Does it make more sense to ‘beat’ or ‘meet’ your rival’s price?
Last time I discussed a price war between China’s largest electronics retailers in which all three promised to price their home appliances below the other two. I explained how such a promise to “beat” any price offered by rivals resulted in a “death spiral” of prices. This time I want to compare this to a strategy that looks similar–one used in China by the retailers Wal-Mart and Carrefour–but has very different results. Wal-Mart is known to post a promise in their stores (see picture from Jinan, Shandong province) to pay customers any difference between their price and a lower price by competitors for the same item. Carrefour has similar postings–such as this one in Hangzhou, Zhejiang province–promising to pay five times the difference.
I am currently in the market for a humidifier so let’s see how these two retailers should set the price of a humidifier and how it will affect me. We can again use game theory and the idea of a “best response” (for a refresher on these concepts see my previous article) to see where Wal-Mart and Carrefour’s promises may lead. To keep things simple, suppose that both firms follow Wal-Mart’s promise to pay the difference between its price and any lower price and that all the potential customers for a humidifier are aware of the retailers’ promises (these simplify the analysis without changing the basic implications).
Begin by assuming you are Carrefour’s pricing manager. If Wal-Mart charges RMB 900 for the humidifier, what is your best response? Broadly you have three choices: you can charge less, the same, or more. Suppose you charge less–perhaps RMB 850. How will Wal-Mart respond? Since it has committed to pay any difference in prices, it will be forced to charge an effective price of RMB 850 as well (its price of RMB 900 minus the RMB 50 penalty). This is the same as Wal-Mart lowering its price to RMB 850.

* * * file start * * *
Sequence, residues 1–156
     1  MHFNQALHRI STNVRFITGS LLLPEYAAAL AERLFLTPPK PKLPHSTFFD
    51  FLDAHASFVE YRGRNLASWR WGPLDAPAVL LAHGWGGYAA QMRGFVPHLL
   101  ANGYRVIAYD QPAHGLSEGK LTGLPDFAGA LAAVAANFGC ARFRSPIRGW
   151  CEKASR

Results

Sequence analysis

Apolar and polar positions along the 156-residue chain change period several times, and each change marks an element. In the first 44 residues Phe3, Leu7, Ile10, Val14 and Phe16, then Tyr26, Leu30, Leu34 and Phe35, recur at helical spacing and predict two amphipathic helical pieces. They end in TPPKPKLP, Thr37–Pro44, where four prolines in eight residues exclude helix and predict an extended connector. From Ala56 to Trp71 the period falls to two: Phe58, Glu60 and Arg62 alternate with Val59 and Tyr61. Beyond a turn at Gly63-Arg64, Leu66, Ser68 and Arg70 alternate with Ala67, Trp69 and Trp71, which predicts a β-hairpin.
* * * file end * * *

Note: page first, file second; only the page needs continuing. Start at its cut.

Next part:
Suppose instead that you match Wal-Mart’s price. How is it likely to respond? Wal-Mart doesn’t want to lower its price–to say RMB 875. Doing so would force you to lower your effective price to RMB 875 as well (your price of RMB 900 minus the RMB 25 penalty). If Wal-Mart instead maintains their RMB 900 price, then neither firm lowers its price nor pays a penalty.
Let’s compare the two options so far. Both lead to identical prices across the two stores. Either way customers will get divided naturally between the stores based on other aspects such as store proximity and product selection. However, undercutting results in a price of RMB 850 while matching results in a price of RMB 900. Clearly, matching is your better choice. Facing the same decision as you, Wal-Mart’s pricing manager should reach the same conclusion–it is better to match your price than to undercut it.
Unlike the electronics retailers who promised to “beat” any competitor’s price, Wal-Mart and Carrefour have promised to “meet or beat” any price. Adding the extra word “meet” makes all the difference in the world. Promising to beat the competition ties you to a self-destructive path in which you must always undercut your competitors. Allowing for the possibility of meeting your competitor’s price affords you just enough wiggle room to avoid this trap. In fact, it gives both firms an incentive to cooperate.
There is still one possibility I haven’t considered: would you ever want to price your humidifier above Wal-Mart? Possibly. Suppose you raise your price to RMB 925. If Wal-Mart doesn’t respond, then nothing has changed. Your effective price is still RMB 900 because you have to compensate customers the RMB 25 price difference. If, on the other hand, Wal-Mart agrees with you that prices are too low, then it can raise its price to RMB 925. You no longer need to pay the RMB 25 penalty and prices are identical at RMB 925. The result: both of you make more money and you still divide the market based on non-price factors. This is a win-win for you and Wal-Mart. Where does that leave me the customer? Paying a higher price for a humidifier.